Regina v Reyon Menelek Dillon  EWCA Crim 2642
The Court of Appeal judgment supports remittal to the youth court for sentence when adult co-defendants cause delay and, additionally, when the compulsory referral order conditions are met.
The appellant was 16 years old when he allowed his bank account to be used to hold stolen funds. He had older co-defendants who faced additional charges. He pleaded guilty to arranging to receive and converting criminal property in the crown court aged 17. Despite the fact that the pre-sentence report recommended a referral order and that the compulsory referral order conditions would have been satisfied in the youth court, he was sentenced to a Youth Rehabilitation Order in the Crown Court. Delays meant that the appellant was not sentenced until he was 18.
The Court of Appeal held that where children plead guilty to offences in the crown court because they are jointly charged with adults, and there will be further delay because some co-defendats have pleaded not guilty, it will usually be appropriate to remit any child defendants for sentence to avoid any further delay. Also, where the compulsory referral order conditions are met but do not apply in the Crown Court and a referral order may be the most appropriate sentence, the Crown Court should remit to the youth court.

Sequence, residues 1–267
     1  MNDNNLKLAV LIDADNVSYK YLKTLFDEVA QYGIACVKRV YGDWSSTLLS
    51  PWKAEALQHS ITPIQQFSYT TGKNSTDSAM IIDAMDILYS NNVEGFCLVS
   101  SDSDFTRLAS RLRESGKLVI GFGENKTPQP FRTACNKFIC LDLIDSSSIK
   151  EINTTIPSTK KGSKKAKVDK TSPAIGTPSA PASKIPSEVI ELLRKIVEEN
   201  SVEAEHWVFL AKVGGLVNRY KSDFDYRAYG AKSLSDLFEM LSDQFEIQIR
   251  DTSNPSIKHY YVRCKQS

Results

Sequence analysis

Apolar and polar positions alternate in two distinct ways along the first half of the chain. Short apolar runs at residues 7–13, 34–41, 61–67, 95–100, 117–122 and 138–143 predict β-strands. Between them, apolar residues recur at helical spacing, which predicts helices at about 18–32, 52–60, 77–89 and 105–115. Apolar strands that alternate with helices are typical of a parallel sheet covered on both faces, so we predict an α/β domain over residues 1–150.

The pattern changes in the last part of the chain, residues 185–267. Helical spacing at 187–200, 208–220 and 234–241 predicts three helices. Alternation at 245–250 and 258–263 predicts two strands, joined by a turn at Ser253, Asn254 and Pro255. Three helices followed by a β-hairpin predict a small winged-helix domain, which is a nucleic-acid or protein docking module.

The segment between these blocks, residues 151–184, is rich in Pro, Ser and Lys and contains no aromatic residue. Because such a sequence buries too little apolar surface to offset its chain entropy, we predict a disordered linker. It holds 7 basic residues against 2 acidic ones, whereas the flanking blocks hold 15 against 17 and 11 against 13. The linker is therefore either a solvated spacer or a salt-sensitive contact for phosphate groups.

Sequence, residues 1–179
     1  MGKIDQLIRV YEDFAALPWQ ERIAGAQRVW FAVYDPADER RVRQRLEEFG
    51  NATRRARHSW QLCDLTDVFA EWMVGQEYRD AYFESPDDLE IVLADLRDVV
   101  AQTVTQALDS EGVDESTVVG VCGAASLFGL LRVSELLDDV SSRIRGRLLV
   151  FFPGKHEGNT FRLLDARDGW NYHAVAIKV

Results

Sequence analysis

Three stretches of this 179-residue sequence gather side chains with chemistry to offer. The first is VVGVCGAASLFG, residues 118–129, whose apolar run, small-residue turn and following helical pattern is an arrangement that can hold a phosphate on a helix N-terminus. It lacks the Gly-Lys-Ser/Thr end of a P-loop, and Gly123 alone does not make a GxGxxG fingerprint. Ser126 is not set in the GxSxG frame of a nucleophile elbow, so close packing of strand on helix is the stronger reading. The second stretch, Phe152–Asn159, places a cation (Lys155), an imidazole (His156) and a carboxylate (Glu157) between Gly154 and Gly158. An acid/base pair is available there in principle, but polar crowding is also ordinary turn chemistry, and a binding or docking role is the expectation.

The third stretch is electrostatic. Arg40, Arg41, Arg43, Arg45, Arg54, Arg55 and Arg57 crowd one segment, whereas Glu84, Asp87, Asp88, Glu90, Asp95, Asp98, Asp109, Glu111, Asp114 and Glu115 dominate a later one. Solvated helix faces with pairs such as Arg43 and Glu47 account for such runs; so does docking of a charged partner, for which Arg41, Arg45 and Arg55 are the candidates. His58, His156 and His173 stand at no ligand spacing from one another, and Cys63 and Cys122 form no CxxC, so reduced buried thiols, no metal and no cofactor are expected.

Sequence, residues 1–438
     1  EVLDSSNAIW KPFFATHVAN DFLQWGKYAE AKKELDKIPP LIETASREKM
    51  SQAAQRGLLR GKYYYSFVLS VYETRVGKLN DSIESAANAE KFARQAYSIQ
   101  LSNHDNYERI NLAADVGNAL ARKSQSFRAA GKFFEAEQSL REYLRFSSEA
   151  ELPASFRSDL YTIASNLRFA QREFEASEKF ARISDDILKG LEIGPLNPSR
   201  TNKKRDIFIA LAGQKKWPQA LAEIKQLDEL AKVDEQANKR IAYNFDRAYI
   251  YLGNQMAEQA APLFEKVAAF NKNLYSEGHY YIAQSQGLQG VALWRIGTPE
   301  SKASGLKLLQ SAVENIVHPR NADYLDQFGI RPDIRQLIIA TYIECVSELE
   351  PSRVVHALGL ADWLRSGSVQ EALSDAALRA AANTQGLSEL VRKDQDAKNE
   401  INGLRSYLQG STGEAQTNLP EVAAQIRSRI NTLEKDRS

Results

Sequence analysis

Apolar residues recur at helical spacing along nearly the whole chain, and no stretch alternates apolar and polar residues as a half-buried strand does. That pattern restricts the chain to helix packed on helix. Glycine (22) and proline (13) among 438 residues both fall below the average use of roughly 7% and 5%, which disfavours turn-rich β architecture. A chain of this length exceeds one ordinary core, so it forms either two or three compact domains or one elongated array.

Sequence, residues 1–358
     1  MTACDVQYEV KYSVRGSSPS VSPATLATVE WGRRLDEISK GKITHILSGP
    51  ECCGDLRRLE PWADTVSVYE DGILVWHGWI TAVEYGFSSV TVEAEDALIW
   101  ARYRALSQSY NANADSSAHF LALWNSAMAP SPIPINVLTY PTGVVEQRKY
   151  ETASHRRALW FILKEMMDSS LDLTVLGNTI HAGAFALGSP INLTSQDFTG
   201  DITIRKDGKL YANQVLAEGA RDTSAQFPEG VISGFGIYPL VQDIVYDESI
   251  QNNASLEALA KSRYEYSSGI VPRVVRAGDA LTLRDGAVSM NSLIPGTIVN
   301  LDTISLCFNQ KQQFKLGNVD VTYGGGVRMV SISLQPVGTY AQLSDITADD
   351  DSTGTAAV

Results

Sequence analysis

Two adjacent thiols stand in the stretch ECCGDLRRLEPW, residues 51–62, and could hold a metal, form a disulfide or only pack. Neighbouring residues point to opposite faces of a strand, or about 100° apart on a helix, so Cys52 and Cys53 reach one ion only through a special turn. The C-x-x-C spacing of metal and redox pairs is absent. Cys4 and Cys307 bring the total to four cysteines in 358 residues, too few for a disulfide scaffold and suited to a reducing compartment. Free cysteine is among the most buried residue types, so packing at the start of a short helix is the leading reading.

The Court of Appeal acknowledged that the crown court judge could have sat as a district judge under section 66 Courts Act 2003 and made a referral order, however, the more significant point was that the case should have been remitted to the youth court. Much of the published case analysis about this case says that the youth court has exclusive jurisdiction to make referral orders, and a judge in the crown court could not acquire jurisdiction to make a referral order by exercising the general jurisdiction of a district judge under the Courts Act 2003 s.66. Our analysis is that is not the position. The case is a good example of the real problems which can be caused for children when cases are not remitted for sentence when they should be.